The Tory leadership candidates Kenneth Clarke and Iain Duncan Smith last night joined calls for Jeffrey Archer to be barred from his seat in the Lords because of his conviction for perjury.
The pressure could force the Government to support backbench moves to introduce a law in the next session of Parliament to bar convicted criminals from sitting in the upper house.
A Labour MP, Harry Cohen, told The Independent on Sunday he will introduce a Bill in the autumn to end the anomaly allowing peers to sit in the Lords in spite of a criminal record while MPs automatically are disqualified from the Commons. "It's ridiculous that Archer could return to the Lords," Mr Cohen said.
In a surprise move, Labour demands for action were supported by Mr Clarke. He said: "The man [Archer] obviously turned out to be a crook. If this sentence stands he has quite rightly got to serve his time in prison and ought to leave the House of Lords."
Mr Clarke added: "People do get their honours taken away ... it's a bit odd that you don't lose your peerage."
Mr Duncan Smith said: "He [Archer] should no longer be allowed to participate in the legislature. And if that means also stripping away his title then so be it." Robin Cook, the Leader of the Commons, hinted that the Government could introduce a ban as part of long-term Lords reform, but the pressure could force it to act more quickly.
Meanwhile, The Independent on Sunday has learnt Archer was investigated about a series of alleged insider deals before the Department of Trade's inquiry into the trading of Anglia Television shares by a friend. Archer had bought 50,000 shares in the name of a Kurdish friend, Broosk Saib, in Anglia while a secret takeover bid was being made for the company, where Lady Archer was a director. They were later sold for a profit of £77,219.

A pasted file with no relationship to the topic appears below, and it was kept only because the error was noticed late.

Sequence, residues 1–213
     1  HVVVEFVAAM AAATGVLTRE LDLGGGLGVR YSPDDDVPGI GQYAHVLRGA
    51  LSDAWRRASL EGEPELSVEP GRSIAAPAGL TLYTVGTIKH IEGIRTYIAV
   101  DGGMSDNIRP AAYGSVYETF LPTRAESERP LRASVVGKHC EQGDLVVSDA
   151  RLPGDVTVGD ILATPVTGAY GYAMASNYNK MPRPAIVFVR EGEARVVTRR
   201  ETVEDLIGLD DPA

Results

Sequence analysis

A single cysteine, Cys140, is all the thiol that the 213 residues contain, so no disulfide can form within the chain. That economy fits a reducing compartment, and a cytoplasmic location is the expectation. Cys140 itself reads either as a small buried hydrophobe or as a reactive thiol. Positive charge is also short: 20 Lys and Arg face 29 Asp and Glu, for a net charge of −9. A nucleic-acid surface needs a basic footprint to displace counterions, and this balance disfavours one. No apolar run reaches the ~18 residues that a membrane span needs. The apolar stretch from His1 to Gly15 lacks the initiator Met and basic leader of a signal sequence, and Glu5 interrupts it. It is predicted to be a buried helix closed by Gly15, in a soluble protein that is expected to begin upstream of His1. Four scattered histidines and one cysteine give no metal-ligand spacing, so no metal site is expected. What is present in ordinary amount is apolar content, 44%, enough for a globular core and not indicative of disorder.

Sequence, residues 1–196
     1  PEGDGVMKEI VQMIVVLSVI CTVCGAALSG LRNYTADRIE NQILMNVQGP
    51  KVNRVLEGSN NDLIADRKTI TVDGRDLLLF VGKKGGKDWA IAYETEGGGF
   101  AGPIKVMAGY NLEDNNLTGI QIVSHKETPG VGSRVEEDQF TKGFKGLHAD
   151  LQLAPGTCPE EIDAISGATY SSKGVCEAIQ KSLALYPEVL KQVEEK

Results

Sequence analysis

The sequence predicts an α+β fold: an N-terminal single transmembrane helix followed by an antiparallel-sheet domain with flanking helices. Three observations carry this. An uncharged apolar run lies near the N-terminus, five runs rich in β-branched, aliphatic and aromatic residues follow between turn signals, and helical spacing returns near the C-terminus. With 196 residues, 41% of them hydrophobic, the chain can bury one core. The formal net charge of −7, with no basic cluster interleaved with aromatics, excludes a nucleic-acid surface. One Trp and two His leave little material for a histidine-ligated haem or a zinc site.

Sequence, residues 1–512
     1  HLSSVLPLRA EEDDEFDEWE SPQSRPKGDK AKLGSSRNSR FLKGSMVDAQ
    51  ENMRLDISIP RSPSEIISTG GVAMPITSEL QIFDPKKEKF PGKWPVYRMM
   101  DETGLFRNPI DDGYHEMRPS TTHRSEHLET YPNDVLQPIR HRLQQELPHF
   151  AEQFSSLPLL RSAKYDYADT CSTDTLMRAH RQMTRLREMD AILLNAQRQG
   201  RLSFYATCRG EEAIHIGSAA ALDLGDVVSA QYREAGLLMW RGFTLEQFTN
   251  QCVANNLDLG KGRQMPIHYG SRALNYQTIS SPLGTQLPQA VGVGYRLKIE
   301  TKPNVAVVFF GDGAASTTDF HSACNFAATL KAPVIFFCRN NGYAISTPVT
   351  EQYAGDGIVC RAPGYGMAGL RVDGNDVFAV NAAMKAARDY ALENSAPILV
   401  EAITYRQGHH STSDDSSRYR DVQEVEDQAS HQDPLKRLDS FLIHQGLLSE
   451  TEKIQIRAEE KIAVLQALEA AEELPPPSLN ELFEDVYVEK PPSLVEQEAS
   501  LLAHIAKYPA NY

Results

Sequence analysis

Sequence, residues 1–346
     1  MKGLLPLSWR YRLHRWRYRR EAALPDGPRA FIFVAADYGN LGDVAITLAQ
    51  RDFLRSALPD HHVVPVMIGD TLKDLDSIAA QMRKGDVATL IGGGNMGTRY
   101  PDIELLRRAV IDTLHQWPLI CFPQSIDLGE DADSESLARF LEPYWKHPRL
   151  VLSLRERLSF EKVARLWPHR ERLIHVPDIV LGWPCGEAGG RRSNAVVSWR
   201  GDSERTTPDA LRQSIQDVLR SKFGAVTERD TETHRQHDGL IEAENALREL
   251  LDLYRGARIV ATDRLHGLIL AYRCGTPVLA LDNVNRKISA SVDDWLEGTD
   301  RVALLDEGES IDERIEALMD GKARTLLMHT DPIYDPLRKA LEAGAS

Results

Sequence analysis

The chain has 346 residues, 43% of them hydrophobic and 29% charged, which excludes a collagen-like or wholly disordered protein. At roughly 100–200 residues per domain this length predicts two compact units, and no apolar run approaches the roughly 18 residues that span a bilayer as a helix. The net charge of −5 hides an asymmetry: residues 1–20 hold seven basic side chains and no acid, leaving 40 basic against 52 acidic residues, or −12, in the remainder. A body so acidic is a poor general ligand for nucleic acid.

In 1994 Archer was cleared for lack of evidence of insider trading and DTI officials last week said they would need fresh evidence to warrant a new inquiry.
But it has emerged that the DTI was called in earlier after the Stock Exchange was alerted to repeated heavy share buying and selling by a private investor. Officials traced the trading to a dentist in Hertfordshire. When quizzed, the dentist said he was receiving tips from Archer.
However, as with the later inquiry into Archer's purchase of shares in Anglia, the DTI inspectors found there was insufficient evidence to bring a prosecution.
As Archer's former colleagues disowned him, the IoS has also learnt that Gillian Shephard, the former education secretary, and John Major both refused to act as character witnesses for him during the trial. Mrs Shephard made it clear she would not defend Archer under oath.Reuse content